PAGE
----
Written by: Sister Pat
June 12, 2013
Our evening session
was held in Phoenix in the auditorium at St. Joseph Mercy Hospital. It was
announced in the beginning that the venue was changed because of the number of
responses. The auditorium held 200 people and every seat was filled.
of Mercy, Gaye Moorhead and Margaret Mary McBride, were the chairs of the
event. Margaret did the welcome in the name of the West Midwest Community. Gaye
introduced the Lutheran Bishop who gave the invocation and she also introduced
Sr. Simone Campbell. Gaye was one of a lawyers’ group who critiqued Simone’s
speech before the Democratic National Convention.
Sister Simone gave a
brief history of the trip to date. She then introduced four of the “Nuns on the
Bus” who were there to give their impressions and feelings as they listened to
our immigrant sisters and brothers.
Young, the newest member, told her reason for coming on the trip. Gail works
for the Archdiocese of Los Angeles and is working very hard for comprehensive
immigration reform. She came on the bus to meet the people telling their
stories. Gail had each storyteller sign a t-shirt, which she is taking back to
LA to pray for those who signed and to remember them each day.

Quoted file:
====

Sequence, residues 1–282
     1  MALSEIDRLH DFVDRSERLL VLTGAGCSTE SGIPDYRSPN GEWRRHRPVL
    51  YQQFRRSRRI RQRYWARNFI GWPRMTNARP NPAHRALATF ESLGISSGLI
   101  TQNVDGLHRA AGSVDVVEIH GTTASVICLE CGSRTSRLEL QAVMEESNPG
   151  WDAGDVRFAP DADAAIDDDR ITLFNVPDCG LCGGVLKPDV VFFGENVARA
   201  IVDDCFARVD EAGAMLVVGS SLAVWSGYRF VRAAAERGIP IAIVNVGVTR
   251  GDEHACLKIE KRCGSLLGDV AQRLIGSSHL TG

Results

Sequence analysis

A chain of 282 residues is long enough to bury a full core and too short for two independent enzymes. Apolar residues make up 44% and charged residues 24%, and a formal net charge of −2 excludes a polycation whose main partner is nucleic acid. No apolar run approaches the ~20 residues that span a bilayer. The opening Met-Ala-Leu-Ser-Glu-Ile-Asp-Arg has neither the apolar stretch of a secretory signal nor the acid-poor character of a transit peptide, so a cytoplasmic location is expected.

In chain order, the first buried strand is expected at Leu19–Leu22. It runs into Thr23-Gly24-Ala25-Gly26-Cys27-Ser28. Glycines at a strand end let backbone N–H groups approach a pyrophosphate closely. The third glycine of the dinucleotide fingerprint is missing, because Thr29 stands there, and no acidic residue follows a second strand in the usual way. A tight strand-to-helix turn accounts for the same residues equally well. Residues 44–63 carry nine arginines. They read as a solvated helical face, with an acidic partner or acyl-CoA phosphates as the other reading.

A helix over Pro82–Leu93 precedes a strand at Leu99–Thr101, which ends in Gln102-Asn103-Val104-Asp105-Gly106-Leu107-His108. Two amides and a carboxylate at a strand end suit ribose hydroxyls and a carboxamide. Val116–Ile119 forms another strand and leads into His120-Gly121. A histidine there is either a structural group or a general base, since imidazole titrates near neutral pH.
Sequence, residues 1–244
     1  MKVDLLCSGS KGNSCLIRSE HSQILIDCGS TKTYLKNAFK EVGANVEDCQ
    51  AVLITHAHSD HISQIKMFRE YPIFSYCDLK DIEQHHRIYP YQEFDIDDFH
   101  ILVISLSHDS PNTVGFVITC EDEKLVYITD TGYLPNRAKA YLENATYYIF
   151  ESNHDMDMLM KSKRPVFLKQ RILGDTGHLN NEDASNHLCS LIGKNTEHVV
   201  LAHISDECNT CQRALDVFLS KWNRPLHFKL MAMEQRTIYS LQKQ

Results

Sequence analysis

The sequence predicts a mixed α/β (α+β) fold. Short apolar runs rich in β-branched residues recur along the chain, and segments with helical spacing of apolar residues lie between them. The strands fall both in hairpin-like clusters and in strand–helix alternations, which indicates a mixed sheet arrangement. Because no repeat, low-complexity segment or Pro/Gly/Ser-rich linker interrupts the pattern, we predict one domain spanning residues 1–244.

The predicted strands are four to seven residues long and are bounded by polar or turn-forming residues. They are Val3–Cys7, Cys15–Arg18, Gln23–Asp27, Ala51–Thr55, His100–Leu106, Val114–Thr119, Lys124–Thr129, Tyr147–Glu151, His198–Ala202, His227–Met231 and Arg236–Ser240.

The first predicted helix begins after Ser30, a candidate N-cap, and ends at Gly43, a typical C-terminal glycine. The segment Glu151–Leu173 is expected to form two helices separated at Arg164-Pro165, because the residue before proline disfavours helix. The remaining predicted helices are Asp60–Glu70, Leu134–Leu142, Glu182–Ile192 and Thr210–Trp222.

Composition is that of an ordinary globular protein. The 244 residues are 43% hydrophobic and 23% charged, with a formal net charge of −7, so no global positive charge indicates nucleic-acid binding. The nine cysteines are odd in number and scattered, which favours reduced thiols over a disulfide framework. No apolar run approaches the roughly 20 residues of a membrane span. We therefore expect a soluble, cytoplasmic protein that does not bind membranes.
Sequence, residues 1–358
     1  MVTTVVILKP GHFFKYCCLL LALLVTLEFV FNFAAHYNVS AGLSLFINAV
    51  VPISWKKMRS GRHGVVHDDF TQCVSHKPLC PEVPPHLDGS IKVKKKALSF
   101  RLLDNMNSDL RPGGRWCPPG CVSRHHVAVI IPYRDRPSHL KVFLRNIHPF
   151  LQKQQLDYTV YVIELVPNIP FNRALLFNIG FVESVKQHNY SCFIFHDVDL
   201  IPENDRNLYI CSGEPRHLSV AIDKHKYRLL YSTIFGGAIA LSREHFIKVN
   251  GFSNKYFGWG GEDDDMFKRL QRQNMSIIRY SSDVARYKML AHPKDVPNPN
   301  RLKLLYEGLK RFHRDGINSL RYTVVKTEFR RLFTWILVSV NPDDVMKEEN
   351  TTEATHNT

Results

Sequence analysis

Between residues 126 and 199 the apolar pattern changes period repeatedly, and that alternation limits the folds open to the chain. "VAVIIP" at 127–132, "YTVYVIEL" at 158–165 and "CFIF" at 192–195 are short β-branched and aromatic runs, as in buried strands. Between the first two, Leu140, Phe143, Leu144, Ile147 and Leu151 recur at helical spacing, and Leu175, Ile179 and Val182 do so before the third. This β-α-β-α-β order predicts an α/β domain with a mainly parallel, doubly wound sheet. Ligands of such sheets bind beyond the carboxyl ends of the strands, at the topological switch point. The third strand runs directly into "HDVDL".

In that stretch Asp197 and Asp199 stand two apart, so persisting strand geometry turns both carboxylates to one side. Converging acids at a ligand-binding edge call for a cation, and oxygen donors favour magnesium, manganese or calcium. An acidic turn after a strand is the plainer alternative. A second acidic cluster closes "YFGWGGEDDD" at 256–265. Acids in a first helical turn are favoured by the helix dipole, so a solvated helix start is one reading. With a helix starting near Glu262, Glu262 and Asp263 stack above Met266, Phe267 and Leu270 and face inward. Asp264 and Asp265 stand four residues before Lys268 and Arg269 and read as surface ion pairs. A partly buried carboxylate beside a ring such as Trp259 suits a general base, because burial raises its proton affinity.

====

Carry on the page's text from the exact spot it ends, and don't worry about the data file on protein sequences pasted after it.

Clark spoke of the evening we spent outside of Tucson with the Pascua Yaqui
Nation. What impressed her most was the fact that the nation is split because
of the wall. Some of the members live on one side of the fence and some live on
the other. Families are separated and they are no longer one Yaqui Nation.
Bettencourt spoke of her experience in Nogales this morning. Speakers who
addressed us talked about the realities of the wall and its impact on families,
the economy, and the fear that exists. One man desperate to feed his family was
approached three times by a man trying to sell him food stamps. On the fourth
time, he accepted the offer and bought food stamps from the man, who was
undercover police. The man was arrested and deported.
Persch was the last speaker. She said that through her work in Chicago with
people in detention, people being deported, the DREAMers who live in fear, the
families torn apart – the pain is a palpable pain. On this trip she realized
that pain is a reality throughout our country. In her visit to Senator Flake
she met two young people who have DACA. One has a mother in deportation and the
other’s mother was deported. We need reform NOW.
Simone then told other stories. She reinforced the idea that it’s the 100% -
immigration affects all of us. Simone then introduced the actions – filling out
the cards, talking to family and friends, and texting to get information about
calling your Senator. She said with much emphasis, “If we want to reclaim our
country, we must begin talking to each other.” This is a crucial time – we live
in a time of urgency. Call and write your Senators. NOW – the single most
economically sound law would be to pass comprehensive immigration reform.